About Warden’s line to the women porters, "I had to do it! They might have been taken alive!," which has caused a lot of confusion:
The line only makes sense if "they" refers to the other members of his commando team, Joyce and Shears. And it is plural, so it refers to both of them. It does not refer to Nicholson or anyone else.
For the statement to make sense, it is NOT necessary that Warden have actually killed Joyce and Shears with the mortar. We know that Joyce is dead and Shears is dying or dead, but at his distance Warden has no way of knowing if they are dead or alive, all he knows is that they have been shot down by the Japanese.
The statement only makes sense if Warden directed the mortar at Joyce and Shears. In fact, he does. This is subtle. The first mortar shot is directed toward the Japanese soldiers coming to reinforce Nicholson. But the second is directed further downstream, closer to where Joyce and Shears are lying. What the audience sees is that it knocks over Nicholson and another Japanese soldier. (The audience is watching Nicholson, wondering whether he will try to press the plunger himself, and whether he will make it.) What the women see is that Warden directs the shot at his two fallen comrades. Warden has entirely lost interest in the bomb, he just wants to make sure no member of the team is taken alive. "Madness" indeed. And the move was apparently effective. If you look carefully, you'll see that before the second mortar shot, Shears is still moving in the water. After the shot, he is still.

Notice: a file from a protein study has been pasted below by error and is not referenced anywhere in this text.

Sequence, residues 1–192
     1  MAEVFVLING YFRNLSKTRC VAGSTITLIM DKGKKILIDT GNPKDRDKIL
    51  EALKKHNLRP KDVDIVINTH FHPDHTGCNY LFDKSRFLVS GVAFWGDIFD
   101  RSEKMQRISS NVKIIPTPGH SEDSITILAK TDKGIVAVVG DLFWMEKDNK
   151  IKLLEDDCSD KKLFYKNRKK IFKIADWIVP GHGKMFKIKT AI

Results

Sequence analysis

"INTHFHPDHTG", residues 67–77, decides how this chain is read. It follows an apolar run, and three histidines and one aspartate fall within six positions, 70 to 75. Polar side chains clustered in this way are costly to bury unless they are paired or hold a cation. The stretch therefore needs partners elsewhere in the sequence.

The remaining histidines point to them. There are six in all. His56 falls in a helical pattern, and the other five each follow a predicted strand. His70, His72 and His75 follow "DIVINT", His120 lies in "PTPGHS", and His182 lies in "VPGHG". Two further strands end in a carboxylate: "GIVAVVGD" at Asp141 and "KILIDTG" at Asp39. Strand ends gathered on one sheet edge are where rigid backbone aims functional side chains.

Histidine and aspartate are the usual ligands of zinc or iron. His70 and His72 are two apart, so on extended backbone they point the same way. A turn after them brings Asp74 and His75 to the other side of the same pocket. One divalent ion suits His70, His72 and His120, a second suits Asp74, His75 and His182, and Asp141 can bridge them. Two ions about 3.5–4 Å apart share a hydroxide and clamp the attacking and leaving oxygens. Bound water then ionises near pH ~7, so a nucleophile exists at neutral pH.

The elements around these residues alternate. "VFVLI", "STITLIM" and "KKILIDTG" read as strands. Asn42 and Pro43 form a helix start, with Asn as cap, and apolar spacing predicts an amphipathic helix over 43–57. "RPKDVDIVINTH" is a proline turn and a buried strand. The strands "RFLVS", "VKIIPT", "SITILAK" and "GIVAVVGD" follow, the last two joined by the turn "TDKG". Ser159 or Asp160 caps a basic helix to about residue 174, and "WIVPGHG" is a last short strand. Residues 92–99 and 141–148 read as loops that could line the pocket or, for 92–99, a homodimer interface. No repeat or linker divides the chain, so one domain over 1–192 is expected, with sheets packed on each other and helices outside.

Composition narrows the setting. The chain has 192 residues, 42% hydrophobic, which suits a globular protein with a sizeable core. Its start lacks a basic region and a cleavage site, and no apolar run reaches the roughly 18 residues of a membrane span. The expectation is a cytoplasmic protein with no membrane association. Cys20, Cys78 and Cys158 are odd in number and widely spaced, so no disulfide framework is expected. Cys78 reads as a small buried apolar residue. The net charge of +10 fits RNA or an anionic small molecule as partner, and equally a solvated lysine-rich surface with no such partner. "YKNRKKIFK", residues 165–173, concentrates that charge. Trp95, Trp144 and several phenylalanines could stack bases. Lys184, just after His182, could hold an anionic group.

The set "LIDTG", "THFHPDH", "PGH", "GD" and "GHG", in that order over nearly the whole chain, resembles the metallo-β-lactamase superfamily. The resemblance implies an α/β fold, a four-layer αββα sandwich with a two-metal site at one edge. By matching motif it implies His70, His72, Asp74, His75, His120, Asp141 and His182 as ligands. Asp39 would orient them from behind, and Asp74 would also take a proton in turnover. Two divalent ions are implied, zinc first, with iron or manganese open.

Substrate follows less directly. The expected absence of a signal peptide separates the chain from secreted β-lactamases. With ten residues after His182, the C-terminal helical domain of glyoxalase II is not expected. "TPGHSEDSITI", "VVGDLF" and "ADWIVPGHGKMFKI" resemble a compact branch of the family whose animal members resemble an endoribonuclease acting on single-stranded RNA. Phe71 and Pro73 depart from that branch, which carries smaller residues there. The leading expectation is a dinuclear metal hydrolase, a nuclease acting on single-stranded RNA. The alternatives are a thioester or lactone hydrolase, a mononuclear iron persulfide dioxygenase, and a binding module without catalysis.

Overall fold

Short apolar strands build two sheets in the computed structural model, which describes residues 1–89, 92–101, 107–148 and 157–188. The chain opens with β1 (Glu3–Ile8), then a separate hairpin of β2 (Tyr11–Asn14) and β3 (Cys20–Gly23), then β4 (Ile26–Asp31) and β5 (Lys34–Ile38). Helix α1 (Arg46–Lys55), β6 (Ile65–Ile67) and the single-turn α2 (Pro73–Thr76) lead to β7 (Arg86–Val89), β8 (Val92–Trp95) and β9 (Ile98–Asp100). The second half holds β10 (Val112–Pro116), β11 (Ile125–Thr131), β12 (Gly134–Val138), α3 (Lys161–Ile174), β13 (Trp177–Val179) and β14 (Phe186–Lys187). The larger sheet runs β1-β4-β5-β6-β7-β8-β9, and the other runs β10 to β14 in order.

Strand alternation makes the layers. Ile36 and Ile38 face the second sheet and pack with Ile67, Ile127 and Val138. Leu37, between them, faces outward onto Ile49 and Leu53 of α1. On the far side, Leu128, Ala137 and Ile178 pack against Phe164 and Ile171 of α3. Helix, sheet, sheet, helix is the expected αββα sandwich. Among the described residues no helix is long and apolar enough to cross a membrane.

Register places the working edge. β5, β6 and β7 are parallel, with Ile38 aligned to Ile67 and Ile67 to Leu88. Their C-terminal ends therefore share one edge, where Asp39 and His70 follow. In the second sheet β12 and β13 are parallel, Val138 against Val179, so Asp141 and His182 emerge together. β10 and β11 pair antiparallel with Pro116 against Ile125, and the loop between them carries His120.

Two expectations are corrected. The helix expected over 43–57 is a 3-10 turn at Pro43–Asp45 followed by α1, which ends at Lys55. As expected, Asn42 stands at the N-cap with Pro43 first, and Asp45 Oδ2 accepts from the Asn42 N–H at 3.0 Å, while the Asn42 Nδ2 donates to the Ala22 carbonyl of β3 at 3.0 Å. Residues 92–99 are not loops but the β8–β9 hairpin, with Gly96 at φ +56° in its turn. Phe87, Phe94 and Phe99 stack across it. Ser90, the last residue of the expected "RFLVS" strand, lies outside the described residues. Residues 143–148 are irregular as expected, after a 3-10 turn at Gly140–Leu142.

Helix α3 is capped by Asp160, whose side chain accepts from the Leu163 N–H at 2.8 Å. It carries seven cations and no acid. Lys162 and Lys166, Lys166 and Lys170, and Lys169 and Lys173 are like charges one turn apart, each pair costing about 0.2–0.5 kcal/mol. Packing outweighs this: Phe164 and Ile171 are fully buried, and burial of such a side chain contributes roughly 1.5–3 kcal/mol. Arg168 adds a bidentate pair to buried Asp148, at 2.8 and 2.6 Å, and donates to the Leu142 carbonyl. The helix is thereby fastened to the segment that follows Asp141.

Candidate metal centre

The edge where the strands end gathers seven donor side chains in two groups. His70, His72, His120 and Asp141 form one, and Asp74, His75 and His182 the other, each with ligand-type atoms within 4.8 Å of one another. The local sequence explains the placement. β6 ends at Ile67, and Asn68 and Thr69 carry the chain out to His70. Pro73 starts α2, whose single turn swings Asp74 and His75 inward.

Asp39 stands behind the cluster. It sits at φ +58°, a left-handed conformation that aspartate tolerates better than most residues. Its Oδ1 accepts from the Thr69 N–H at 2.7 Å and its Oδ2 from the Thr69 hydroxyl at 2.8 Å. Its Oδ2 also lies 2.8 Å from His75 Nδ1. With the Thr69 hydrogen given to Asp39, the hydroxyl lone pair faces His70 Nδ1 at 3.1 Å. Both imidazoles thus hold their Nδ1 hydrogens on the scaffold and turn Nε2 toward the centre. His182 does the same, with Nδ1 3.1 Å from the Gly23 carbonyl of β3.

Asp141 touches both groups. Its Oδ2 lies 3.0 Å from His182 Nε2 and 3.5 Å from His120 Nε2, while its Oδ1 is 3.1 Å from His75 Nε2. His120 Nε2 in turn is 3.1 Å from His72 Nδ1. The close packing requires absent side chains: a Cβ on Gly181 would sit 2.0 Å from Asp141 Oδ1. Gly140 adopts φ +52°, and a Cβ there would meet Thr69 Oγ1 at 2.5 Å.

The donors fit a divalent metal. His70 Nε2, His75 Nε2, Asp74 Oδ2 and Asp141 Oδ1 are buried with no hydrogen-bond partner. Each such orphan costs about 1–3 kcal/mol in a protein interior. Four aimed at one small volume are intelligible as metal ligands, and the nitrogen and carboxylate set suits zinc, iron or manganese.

So the statement makes sense. But cinematographically it is subtle, too subtle. You have to fault to directors for leaving audiences confused. The second shot should have landed closer to Joyce and Shears and more visibly disturbed their bodies.